Though I could probably pull something out of the Penn State scandal to illustrate the excesses of college sports, that’s not the real story as far as I can tell. This strikes me as first and foremost a sad legal matter, not a higher education policy story, so I haven’t had anything to say about it. Until last night.
As you probably know by now, following the announcement of Joe Paterno’s firing throngs of Penn State students took to the streets, either in anger or just to go out and be rowdy. Parts of the coeducational mob ripped down street signs, toppled over a TV news van, and hurled rocks and fireworks at police.
Now, this was absolutely not the Arab Spring, with decades of brutal dictatorship finally overthrown. This was over the firing of a football coach who, while no doubt beloved, did not ensure that the proper authorities were notified when children were victimized by one of his staff members. Yes, he passed the information up channels so he did the minimum, but it’s not like he is being fired for protecting the children. One might disagree with the PSU trustees’ actions, but they certainly didn’t do anything outrageous.
But students all too often don’t need anything even close to grave injustice to fuel rampaging and property destruction. Usually all they require is a sports win or loss. At the University of Maryland they take to the streets and burn things over big basketball games, win or lose. At West Virginia University, they seemingly have couch conflagrations at the drop of a hat. And they are not alone.
Is this what taxpayers are shelling out hundreds of billions of dollars for every year? (Pennsylvania taxpayers handed $279 million to PSU this year.) Is this what higher education is supposed to be?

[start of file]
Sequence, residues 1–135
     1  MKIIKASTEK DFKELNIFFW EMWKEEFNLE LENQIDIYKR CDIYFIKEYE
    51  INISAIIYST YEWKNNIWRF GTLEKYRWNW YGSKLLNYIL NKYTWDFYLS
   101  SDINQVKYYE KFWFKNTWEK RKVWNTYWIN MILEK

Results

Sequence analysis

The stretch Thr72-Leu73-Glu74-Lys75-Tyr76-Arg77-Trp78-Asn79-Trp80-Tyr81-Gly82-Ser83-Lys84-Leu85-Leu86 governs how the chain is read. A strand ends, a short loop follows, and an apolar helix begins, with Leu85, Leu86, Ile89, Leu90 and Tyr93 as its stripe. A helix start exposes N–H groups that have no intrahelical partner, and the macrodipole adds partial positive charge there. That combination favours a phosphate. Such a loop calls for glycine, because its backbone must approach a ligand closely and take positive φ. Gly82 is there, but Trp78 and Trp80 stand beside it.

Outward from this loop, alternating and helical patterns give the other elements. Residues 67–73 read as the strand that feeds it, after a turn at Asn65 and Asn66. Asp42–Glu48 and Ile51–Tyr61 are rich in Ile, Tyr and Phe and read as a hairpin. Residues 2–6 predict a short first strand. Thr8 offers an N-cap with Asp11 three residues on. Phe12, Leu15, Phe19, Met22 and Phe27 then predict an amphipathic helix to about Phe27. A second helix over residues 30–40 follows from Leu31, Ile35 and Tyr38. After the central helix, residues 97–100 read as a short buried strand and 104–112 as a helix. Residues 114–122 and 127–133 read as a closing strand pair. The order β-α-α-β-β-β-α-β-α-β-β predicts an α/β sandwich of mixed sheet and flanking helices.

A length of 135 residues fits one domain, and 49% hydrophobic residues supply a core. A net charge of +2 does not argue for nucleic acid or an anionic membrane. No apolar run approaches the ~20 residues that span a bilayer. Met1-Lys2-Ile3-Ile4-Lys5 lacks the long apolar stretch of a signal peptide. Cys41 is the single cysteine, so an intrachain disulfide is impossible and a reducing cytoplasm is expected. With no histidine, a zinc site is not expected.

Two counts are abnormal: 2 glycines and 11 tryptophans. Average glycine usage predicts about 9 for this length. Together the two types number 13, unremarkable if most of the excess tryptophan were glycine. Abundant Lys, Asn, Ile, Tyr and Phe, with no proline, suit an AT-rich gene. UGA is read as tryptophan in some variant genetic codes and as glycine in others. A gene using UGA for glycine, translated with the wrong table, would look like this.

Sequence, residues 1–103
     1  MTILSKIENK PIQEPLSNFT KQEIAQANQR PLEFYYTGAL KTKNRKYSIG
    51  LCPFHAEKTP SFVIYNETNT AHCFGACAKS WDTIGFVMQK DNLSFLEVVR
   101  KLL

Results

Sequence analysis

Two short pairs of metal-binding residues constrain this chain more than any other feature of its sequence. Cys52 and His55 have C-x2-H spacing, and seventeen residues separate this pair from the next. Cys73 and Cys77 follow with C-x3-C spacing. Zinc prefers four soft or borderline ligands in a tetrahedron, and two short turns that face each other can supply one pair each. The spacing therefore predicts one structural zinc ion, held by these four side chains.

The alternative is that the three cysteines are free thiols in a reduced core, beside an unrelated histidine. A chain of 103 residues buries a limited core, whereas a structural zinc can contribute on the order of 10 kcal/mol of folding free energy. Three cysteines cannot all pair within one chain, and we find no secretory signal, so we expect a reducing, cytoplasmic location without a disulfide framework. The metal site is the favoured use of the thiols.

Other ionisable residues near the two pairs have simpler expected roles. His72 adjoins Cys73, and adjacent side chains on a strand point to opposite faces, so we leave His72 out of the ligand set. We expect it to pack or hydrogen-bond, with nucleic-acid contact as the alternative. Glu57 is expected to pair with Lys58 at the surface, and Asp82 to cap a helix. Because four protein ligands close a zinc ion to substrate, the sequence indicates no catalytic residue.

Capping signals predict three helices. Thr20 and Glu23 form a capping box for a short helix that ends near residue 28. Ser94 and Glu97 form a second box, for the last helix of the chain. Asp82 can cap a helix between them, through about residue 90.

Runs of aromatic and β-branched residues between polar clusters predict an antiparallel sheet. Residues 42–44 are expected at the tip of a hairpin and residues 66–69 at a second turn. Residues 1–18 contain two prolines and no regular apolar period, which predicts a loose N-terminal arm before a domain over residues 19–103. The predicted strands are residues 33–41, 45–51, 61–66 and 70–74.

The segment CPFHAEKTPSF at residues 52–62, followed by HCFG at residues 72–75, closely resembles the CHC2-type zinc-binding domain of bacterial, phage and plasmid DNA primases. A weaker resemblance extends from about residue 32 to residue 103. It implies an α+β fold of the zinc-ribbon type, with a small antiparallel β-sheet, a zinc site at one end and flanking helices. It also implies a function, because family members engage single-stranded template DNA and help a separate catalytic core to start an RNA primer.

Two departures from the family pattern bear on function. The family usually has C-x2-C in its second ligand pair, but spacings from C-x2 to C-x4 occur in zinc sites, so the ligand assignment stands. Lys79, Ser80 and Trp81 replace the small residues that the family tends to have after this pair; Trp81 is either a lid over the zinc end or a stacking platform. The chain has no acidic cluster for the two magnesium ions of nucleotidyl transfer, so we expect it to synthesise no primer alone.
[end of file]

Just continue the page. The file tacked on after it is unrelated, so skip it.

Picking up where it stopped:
Of course not, but rioting is just the most glaring part of the unstudious college iceberg. The mass of it includes infamous partying that has largely replaced tedious stuff like studying. Indeed, Richard Arum and Josipa Roksa report that the average time per week spent studying for a full-time student has gone from twenty-five hours in 1961, to twenty in 1981, to an anemic thirteen in 2003. Then there are the atrocious college completion rates – from what federal data show, maybe 60 percent of all students finish their programs – and the numerous majors of highly dubious value. In other words, as taxpayers have poured more and more money into the ivory tower, it seems to have just added more bars, jacuzzis, and hangouts.
Taxpayers have to subsidize higher education, we’re told, because doing so promotes the “public good.” Well, as you watch Happy Valley turn decidedly unhappy, contemplate all the rot and waste that runs throughout the ivory tower. Then tell those people who talk up the public good that, clearly, it would be best served by letting taxpayers keep their higher ed bucks.